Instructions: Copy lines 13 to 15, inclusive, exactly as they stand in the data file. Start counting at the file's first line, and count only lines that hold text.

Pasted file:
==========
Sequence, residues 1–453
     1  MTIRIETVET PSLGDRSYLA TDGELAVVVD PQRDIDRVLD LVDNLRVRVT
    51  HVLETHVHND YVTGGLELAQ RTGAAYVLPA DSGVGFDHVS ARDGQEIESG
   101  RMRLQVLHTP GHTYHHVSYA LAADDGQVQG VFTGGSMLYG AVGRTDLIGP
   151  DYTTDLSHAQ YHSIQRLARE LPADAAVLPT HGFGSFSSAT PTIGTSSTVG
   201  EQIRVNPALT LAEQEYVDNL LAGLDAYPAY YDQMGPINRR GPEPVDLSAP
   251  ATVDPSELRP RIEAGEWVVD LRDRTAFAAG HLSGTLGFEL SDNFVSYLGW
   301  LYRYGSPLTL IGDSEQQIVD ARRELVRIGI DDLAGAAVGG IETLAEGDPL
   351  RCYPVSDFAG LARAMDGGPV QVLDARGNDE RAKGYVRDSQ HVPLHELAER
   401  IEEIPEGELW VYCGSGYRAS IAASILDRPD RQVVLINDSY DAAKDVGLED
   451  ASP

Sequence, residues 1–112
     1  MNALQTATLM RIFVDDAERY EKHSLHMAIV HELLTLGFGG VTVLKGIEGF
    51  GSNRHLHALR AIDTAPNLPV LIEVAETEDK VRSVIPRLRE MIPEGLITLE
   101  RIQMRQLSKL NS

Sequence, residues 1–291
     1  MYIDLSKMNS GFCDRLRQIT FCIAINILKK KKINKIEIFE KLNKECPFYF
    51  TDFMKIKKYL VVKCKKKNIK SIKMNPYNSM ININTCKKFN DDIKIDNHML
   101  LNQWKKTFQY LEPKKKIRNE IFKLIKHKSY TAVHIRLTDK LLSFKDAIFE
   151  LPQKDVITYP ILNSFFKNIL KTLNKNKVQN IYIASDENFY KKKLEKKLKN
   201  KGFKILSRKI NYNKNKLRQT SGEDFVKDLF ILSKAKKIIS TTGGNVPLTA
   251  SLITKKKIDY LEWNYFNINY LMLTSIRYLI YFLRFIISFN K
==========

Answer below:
     1  MNALQTATLM RIFVDDAERY EKHSLHMAIV HELLTLGFGG VTVLKGIEGF
    51  GSNRHLHALR AIDTAPNLPV LIEVAETEDK VRSVIPRLRE MIPEGLITLE
   101  RIQMRQLSKL NS